When Syntax Spills Over to Discourse: The Case of Not-Fragments

Dr. Bert Cappelle, University of Lille

Tue, September 10, 2019 | BUR 337

4:00 PM - 5:00 PM

Linguists sometimes need to conduct syntactic analyses of units larger than sentences. This is the case, for example, for clause fragments starting with not, as these need to be considered together with the preceding utterance. Some known grammatical mechanisms, such as ellipsis (or 'stripping') and insubordination, can be used to partially account for some previously described types of not-fragments, illustrated by Not that I know of and Not that it matters. However, such mechanisms are not sufficient to explain the form and function of all types we can encounter. One useful concept that to my knowledge has hitherto not been explored is what could be called 'negative expansion'. This is a discourse pattern whereby an already negative clause is followed by a negative clause fragment, whose negation is a simple repetition, rather than a cancellation, of the negation in the preceding clause.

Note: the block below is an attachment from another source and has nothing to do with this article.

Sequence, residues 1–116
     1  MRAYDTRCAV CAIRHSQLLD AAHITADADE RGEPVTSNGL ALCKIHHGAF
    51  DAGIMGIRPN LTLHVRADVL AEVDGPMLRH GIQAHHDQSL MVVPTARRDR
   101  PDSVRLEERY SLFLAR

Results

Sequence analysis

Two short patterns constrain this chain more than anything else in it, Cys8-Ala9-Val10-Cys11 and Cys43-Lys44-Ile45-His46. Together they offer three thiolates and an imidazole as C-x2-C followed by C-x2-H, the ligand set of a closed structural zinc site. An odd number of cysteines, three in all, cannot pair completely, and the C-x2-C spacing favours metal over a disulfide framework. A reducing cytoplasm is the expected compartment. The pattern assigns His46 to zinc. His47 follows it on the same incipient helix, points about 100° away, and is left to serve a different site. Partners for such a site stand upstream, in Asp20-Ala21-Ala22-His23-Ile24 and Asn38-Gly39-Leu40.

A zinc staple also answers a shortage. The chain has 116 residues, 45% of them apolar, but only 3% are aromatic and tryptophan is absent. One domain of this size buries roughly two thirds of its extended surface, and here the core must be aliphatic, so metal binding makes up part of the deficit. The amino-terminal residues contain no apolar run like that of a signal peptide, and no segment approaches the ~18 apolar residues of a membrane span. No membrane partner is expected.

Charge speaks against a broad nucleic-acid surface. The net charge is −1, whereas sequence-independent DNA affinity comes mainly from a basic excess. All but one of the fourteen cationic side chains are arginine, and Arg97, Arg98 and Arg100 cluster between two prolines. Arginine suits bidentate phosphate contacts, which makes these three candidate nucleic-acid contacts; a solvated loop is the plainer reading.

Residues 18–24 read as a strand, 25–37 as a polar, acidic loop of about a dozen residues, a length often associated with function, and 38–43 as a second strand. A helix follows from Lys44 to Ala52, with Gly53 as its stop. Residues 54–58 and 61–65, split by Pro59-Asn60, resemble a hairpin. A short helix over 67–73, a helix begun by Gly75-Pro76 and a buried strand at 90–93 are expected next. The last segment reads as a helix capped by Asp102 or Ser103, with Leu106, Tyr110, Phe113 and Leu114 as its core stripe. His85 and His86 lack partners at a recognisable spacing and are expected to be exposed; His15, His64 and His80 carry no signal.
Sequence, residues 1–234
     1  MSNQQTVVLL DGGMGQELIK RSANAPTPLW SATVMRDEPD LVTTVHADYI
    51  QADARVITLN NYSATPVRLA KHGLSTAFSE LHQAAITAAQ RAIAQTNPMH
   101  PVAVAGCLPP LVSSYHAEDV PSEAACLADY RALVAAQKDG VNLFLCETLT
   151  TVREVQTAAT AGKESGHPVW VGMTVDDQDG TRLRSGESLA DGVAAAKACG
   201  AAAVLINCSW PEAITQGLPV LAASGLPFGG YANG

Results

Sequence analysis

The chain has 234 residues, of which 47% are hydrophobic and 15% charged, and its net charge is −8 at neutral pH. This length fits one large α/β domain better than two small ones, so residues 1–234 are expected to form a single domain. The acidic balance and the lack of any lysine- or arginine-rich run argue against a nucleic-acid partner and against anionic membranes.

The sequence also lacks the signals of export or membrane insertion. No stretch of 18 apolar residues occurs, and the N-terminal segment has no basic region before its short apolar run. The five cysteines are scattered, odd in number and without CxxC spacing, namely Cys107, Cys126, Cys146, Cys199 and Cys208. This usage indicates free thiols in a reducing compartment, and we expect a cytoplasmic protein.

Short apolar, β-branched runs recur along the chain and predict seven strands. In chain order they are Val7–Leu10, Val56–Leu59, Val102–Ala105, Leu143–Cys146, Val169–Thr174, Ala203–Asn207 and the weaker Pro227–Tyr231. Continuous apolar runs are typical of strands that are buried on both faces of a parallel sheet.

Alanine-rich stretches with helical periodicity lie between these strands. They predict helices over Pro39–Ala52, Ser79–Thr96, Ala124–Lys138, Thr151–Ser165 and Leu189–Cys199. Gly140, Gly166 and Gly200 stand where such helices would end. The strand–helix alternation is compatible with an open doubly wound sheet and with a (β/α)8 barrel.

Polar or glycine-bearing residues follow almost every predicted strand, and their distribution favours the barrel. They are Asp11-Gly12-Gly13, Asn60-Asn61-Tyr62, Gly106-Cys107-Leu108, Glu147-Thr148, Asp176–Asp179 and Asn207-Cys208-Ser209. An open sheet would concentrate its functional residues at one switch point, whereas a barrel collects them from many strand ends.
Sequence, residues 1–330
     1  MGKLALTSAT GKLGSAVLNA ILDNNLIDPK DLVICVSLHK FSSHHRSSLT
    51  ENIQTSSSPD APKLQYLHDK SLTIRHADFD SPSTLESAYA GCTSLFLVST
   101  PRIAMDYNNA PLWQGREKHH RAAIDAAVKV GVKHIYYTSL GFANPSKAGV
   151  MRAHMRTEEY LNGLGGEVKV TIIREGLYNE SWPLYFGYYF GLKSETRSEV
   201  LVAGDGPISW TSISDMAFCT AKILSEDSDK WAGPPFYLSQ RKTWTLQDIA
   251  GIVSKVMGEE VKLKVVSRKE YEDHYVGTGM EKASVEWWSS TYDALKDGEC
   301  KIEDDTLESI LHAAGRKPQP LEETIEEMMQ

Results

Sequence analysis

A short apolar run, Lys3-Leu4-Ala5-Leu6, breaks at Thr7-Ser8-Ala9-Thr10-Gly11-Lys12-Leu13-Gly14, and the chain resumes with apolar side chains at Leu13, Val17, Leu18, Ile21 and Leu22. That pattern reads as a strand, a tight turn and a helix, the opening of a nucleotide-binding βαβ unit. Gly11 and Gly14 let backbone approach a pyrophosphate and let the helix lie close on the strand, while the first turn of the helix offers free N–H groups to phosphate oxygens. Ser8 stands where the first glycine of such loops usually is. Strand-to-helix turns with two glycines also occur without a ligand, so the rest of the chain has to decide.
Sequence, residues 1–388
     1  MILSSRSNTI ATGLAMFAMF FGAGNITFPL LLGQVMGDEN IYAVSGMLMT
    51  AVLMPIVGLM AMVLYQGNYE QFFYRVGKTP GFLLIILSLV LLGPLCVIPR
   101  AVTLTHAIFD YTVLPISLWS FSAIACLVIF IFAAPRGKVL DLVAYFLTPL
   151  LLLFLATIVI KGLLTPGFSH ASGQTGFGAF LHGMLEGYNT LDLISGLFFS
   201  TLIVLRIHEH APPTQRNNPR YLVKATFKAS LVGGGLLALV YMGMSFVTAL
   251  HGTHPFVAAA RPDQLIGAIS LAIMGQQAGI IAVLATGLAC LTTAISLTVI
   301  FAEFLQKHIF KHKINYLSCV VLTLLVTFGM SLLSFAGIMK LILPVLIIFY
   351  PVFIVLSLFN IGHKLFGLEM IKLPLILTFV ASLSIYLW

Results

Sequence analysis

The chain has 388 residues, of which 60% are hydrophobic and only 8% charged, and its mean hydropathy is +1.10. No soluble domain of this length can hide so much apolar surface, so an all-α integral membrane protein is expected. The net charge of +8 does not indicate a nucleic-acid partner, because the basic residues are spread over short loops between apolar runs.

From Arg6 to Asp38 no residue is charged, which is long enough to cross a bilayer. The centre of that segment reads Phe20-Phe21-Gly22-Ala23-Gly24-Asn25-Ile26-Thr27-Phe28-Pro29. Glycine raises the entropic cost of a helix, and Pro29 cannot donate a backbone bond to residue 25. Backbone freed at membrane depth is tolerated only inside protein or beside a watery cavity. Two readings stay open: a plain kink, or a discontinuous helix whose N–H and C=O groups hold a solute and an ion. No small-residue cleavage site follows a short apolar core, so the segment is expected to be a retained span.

Sponsored by: Linguisitcs Research Center, Department of Germanic Studies, and the Texas Language Center

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